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Former CDC Director Breaks Down U.S. Readiness For Coronavirus

AILSA CHANG, HOST:

Earlier today British Airways suspended its flights to and from mainland China. It's one company's response to a growing outbreak of the coronavirus, which has now reached 15 countries. More than 6,000 have been infected with the virus, and more than 130 have died.

ARI SHAPIRO, HOST:

The response to this new viral threat is, in part, informed by the lessons learned during another major epidemic that originated in China in the early 2000s - the SARS virus. Some 8,000 people were infected, and nearly 800 people died worldwide. Julie Gerberding was the head of the U.S. Centers for Disease Control and Prevention during that epidemic, and she joins us now.

Welcome.

JULIE GERBERDING: Thank you - great to be here.

SHAPIRO: So you led the American response to the SARS outbreak in the early 2000s. How does the coronavirus compare so far?

GERBERDING: Well, I have to admit there's a little bit of deja vu all over again here.

SHAPIRO: Yeah.

GERBERDING: This is a unfolding situation. It's, obviously, spreading quickly in China, and we still have a lot of uncertainty about how bad it will be and how far it will go.

SHAPIRO: Well, during the SARS outbreak, China was accused of not being transparent, of trying to project a misleading picture of an outbreak that was under control when it was not. How different is their response this time around so far?

GERBERDING: I think the global community is very relieved to learn about this early in the game. We've seen more transparency both about the unfolding of the actual spread of the disease but also the virology and getting the genome of the virus out quickly to the scientists around the world who might be in a position to help accelerate vaccine and treatment opportunities.

SHAPIRO: Do you think that means that this disease will likely be brought under control more quickly than SARS was?

GERBERDING: Boy, these are early days. And I don't think anyone can predict what it will take to bring this under control, given how far and how fast it's spread already.

SHAPIRO: Yeah.

GERBERDING: Certainly, having vaccines and treatments will be helpful, but I am a little concerned that we're overpromising on their availability. It's going to take time to get those things developed and then approved and manufactured in quantities sufficient to have much impact on what's going on right now.

SHAPIRO: Can you give us a specific example of something the U.S. did during the SARS outbreak that you think is wise for the U.S. to do again, looking at the coronavirus?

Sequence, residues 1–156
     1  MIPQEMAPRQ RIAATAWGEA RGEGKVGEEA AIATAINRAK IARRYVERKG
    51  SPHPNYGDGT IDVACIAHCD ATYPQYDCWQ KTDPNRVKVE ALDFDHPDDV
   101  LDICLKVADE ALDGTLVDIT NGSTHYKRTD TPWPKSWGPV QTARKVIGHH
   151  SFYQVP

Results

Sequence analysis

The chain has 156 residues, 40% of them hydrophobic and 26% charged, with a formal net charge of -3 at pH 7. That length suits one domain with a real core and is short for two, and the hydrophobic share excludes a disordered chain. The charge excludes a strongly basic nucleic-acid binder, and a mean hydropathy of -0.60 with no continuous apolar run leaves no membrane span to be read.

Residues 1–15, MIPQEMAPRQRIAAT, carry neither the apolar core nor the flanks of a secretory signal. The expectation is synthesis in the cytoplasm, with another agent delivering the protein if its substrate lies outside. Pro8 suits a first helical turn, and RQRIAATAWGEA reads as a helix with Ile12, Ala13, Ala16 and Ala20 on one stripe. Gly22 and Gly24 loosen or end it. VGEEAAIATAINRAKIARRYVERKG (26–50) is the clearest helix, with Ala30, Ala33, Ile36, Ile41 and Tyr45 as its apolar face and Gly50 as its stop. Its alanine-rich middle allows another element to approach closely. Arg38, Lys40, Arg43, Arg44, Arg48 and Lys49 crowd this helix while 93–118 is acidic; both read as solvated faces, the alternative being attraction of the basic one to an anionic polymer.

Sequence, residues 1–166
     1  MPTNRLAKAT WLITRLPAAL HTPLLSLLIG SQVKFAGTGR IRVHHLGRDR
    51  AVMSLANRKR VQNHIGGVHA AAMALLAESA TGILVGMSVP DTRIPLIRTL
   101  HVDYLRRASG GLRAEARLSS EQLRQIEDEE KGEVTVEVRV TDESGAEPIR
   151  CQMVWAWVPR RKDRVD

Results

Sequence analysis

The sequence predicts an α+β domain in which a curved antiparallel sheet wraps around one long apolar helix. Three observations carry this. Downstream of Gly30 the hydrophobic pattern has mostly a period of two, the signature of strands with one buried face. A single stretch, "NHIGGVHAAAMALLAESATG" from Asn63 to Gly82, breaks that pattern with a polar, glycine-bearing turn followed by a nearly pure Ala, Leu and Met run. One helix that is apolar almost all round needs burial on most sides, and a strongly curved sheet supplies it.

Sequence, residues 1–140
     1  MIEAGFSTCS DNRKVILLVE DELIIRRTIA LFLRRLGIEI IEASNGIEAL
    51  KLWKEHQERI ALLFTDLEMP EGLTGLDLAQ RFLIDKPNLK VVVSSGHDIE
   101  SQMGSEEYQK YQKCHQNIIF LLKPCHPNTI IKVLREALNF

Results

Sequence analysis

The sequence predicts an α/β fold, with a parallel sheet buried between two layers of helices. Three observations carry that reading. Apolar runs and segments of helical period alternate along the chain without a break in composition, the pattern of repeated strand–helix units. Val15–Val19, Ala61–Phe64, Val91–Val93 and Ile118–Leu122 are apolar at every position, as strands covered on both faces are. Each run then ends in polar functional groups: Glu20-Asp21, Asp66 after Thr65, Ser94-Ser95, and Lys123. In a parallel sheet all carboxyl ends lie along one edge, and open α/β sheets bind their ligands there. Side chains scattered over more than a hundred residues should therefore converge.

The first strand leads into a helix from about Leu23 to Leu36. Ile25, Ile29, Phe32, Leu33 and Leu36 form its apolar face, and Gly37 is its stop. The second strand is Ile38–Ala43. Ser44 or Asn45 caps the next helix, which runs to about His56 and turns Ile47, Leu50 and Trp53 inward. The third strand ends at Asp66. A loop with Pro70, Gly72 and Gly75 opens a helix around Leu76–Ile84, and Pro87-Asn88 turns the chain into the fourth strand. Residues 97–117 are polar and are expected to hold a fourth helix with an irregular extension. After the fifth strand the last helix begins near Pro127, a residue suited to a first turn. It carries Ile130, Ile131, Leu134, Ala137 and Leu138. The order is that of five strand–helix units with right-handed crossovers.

GERBERDING: Well, one of the things that, I think, is absolutely critical is to maintain just absolutely open and frequent communication, certainly at the level of the CDC but most importantly at the local level, especially in communities where many people have traveled back and forth from China - putting it into perspective, telling people what's going on, what we wish we knew but haven't figured out yet and promising to update them as soon as we have new information. That really builds local trust. And at the end of the day, that's what matters most.

SHAPIRO: We're seeing some pretty dramatic steps as responses to the outbreak. I mean, British Airways has suspended China flights. The city of Wuhan, home to more than 11 million people, is on lockdown. Do you think this scale of response is appropriate?

GERBERDING: You know, I would never criticize measures in the early days of something that could be as serious as this outbreak. It's hard to predict what's necessary until you have the benefit of the retrospective scope. So taking measures to reduce travel, to decrease the contact that one person has with other people - these are standard quarantine-like approaches. And depending on how early you apply them and how successful people comply with them, they can make a difference in, at least, slowing down spread. And right now, given the intense pressure on the health care system, anything we can do to kind of spread out the situation over a longer arc of time - that can actually be very helpful in ensuring that essential medical services are available to people.

SHAPIRO: Julie Gerberding, former head of the U.S. Centers for Disease Control and Prevention - she's currently chief patient officer for the pharmaceutical company Merck.

Thank you for talking with us today.

GERBERDING: Thank you. Transcript provided by NPR, Copyright NPR.


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